METHUEN — Fire Lt. James Garrity has been suspended without pay for one month and must submit to random drug and alcohol testing for three years, under a “last chance agreement” signed last week in response to his recent conviction for drunk driving and pot possession in New Hampshire.
Garrity, 48, of Haverhill was arrested on St. Patrick’s Day in Plaistow, N.H. He was also convicted of drunk driving in New Hampshire five years ago, but will keep his job under disciplinary terms approved last week by Mayor Stephen Zanni.
Garrity began his 30-calendar-day suspension without pay Saturday and is slated to return to work Jan. 6 as long as he passes a drug and alcohol test. Garrity has also agreed to three years of “random and reasonable-suspicion drug and alcohol testing.” Garrity must submit to no more than 12 random tests per year. The tests will be scheduled by the city and conducted at an approved laboratory. Garrity must submit to the tests immediately after receiving notice.
The terms of Garrity’s discipline are outlined in a two-page “last chance agreement” signed Dec. 6 by Garrity, Zanni and firefighter union president Tim Sheehy. Zanni could not be reached for comment yesterday.
“Jimmy’s always been a great firefighter,” said Sheehy. “He’s a great lieutenant. He’s going to have to pay for what he did. I think the punishment fits the crime and I think the mayor made the right choice.”
Under the agreement, Garrity will face a hearing for immediate termination if he tests positive for drugs or alcohol, or if he fails to submit to a test. Garrity and the firefighter union have also waived their rights to “grieve, litigate or otherwise dispute” the 30-day suspension and drug testing, according to the document.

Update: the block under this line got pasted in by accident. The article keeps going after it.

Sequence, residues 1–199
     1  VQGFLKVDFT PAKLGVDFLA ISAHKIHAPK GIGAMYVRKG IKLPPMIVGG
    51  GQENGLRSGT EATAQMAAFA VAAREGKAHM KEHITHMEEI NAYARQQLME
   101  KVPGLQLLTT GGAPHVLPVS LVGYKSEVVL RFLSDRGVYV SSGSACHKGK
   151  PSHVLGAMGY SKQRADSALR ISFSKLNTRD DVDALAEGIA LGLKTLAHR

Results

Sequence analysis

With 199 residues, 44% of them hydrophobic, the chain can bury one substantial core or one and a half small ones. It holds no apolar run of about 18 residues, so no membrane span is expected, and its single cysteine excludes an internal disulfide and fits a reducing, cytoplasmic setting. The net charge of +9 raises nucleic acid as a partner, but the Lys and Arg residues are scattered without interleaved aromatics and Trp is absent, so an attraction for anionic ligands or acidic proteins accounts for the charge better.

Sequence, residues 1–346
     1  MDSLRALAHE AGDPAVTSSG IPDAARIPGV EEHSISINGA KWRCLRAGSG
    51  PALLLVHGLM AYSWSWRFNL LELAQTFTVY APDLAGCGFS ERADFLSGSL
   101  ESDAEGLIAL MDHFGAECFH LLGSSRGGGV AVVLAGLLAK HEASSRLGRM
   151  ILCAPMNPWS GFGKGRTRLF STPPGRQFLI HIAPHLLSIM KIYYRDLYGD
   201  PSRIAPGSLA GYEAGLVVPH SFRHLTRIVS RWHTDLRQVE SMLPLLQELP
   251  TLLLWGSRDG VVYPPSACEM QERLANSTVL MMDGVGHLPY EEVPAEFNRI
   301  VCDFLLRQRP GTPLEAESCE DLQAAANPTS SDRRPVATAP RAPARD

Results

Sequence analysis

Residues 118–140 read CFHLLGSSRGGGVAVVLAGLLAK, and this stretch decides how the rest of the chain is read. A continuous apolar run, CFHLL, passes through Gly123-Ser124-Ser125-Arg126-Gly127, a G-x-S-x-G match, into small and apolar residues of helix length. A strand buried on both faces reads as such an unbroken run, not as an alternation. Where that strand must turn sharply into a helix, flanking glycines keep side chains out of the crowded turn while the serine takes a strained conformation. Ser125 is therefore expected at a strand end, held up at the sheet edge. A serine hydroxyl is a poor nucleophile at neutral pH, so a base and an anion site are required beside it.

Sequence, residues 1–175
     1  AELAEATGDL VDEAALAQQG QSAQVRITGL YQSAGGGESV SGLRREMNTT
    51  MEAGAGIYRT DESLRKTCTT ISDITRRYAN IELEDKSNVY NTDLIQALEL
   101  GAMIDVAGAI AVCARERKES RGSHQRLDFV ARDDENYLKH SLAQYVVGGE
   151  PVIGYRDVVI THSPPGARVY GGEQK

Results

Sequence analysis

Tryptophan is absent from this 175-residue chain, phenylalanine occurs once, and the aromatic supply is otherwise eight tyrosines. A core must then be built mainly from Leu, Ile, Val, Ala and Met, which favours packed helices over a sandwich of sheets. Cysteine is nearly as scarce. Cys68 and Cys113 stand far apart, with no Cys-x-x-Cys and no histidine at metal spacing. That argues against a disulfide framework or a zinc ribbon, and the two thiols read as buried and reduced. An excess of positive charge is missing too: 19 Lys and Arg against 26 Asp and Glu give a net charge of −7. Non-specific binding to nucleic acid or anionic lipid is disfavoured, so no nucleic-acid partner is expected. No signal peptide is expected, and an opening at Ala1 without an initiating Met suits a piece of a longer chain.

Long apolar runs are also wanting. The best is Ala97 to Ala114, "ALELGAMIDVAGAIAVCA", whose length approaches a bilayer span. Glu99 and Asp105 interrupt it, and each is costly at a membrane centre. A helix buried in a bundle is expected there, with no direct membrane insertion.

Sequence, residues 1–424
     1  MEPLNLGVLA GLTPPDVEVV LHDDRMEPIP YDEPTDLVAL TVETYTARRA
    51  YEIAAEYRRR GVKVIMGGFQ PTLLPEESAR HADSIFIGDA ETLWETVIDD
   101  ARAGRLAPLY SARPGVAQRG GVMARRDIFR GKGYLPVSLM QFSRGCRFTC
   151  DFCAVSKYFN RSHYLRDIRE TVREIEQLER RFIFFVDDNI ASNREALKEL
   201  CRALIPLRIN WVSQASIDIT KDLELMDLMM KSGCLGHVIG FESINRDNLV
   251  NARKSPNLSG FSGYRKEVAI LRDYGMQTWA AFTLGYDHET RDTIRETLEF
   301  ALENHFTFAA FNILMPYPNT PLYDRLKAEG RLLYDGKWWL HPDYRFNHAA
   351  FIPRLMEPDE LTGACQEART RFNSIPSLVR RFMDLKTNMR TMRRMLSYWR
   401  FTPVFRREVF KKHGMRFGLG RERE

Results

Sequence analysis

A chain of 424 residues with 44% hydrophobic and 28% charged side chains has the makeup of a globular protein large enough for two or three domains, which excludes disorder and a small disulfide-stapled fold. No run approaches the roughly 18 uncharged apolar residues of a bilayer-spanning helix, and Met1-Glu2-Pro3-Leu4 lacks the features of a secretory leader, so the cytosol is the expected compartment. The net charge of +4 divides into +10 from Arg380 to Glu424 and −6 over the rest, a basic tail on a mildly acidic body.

“All parties agree that this suspension agreement shall be considered a ‘last chance’ agreement and that the terms of this agreement are considered to be absolute conditions of continued employment,” reads the document. “Any type of similar or serious future misconduct or violation of this agreement will result in an immediate hearing for termination of Garrity’s employment with the city and all parties recognize that such future misconduct would serve as just cause for immediate termination and forfeiture of employment.”
Under the agreement, Garrity and the union also waived their rights to dispute such a termination in the future.
Garrity pleaded guilty Nov. 14 to driving while intoxicated (first offense with a prior conviction within 10 years) and marijuana possession — both Class B misdemeanors in New Hampshire, according to the agreement.
Garrity’s recent arrest occurred about one mile from the Massachusetts border at around 10:50 p.m. Police radar recorded his white 2011 Ford Econovan traveling 66 mph in a 35 mph zone, according to court paperwork.
Garrity was driving alone and heading southbound on Route 125 when he was pulled over. Garrity failed a number of field sobriety tests after the arresting officer noticed he had trouble answering her questions.
The officer searched Garrity’s vehicle and found a “small amount” of marijuana on the passenger-side floor, Plaistow deputy police Chief Kathleen Jones previously told The Eagle-Tribune.
Garrity’s license was suspended for two years as a result of the conviction. He was also fined $434 for the marijuana possession conviction. A speeding charge was dismissed. Garrity must enter an impaired driver program before getting his license back and will then be required to have an ignition interlock device installed in his vehicle.
Garrity began working for the city in July 1993 and was promoted to lieutenant in February.
Garrity spent the week following his arrest March 17 on paid vacation. The incident then landed him one week of paid administrative leave. He returned to work March 30.
Garrity was also convicted in 2009 on a drunk driving charge out of New Hampshire and had his license temporarily revoked as a result, but the arrest and conviction were never reported at City Hall and the Methuen Fire Department.